Peter Nathaniel Malae is the author of the novels, Our Frail Blood (2013), an epic about the dissolution of an American family in three generations; What We Are (2010), a New York Times Editor’s Choice, winner of the San Francisco Foundation’s Joseph Henry Jackson Award and a finalist for the Pacific Northwest Book Award; and the story collection, Teach the Free Man (2007), a finalist for the New York Public Library’s Young Lions Fiction Award, the Glasgow Prize and a notable book selection by
What do you do now? Has your art evolved or changed?
In all practicality, it meant paying my rent and back rent. Personally, it meant a hell of a lot to me because San Jose is my home, where I was raised, went to school, played sports, etc. As I wanted to write a novel which captured the South Bay ethos, it was thus cool to see South Bay judges endorse my work. Later, when I got a two-book deal with Grove/Atlantic, my agent was able to use the legitimacy of the fellowship and other awards I'd won as contract leverage. Plus, I got to read at the Triton Museum, outside of which I used to play tackle football with my brother and friends as kids!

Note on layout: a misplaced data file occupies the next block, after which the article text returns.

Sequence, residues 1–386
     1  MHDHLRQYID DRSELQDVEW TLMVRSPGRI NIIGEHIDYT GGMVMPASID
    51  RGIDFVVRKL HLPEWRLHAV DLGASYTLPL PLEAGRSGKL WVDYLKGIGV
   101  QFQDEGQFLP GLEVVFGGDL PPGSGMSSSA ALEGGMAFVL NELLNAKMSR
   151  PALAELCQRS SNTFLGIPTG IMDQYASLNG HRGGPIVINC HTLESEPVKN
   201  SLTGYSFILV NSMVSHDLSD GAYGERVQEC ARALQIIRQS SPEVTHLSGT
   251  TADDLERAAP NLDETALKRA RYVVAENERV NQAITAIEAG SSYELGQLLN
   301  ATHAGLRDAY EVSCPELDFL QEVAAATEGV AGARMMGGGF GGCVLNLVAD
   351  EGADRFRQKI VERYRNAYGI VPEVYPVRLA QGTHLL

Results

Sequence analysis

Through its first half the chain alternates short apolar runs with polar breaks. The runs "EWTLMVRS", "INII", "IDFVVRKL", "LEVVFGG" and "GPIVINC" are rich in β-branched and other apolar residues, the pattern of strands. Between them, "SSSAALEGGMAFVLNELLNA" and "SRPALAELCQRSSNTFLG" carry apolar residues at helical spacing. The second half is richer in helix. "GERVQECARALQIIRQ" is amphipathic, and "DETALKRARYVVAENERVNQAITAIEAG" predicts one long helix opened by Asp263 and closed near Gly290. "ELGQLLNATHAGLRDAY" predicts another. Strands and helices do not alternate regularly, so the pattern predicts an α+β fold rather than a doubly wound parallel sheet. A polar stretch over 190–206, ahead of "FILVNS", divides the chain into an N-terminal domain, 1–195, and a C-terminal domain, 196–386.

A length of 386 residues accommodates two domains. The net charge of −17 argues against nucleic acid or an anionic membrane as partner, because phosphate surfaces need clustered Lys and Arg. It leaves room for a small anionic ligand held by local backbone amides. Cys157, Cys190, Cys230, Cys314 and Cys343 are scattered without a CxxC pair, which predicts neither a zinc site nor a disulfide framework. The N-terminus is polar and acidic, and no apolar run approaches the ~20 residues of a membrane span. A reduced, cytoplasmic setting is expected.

What is one piece of advice you would give to an emerging artist?
I continue to write 500 words every day, a discipline I've maintained since May '99. I've published a story collection - TEACH THE FREE MAN, which was a finalist for the New York Public Library's Young Lions Award and a Story Prize notable book; also two novels - WHAT WE ARE, a New York Times Editor's Choice and San Francisco Foundation Joseph Henry Jackson Award winner, and OUR FRAIL BLOOD. I have two finished poetry manuscripts I'm shopping around; a finished short story collection I'm shopping; a finished screenplay I don't know at all what to do with; I'm one scene from finishing my first play and I'm working on two big novels presently. I don't know that my art has evolved or changed, but I'm maybe too clogged up to say one way or another.... Go here to see (and buy) my books: http://www.peternathanielmalae.com/#!books/cnec
Briefly, how would you describe the state of the arts locally, as well as national and beyond?
Consider, and then directly address, the meaning of the long haul.
Here in Oregon: muy blanco. Here in America: in need of a center. Out in the World: too vast and diverse to qualify in 5,000 let alone 5 words.
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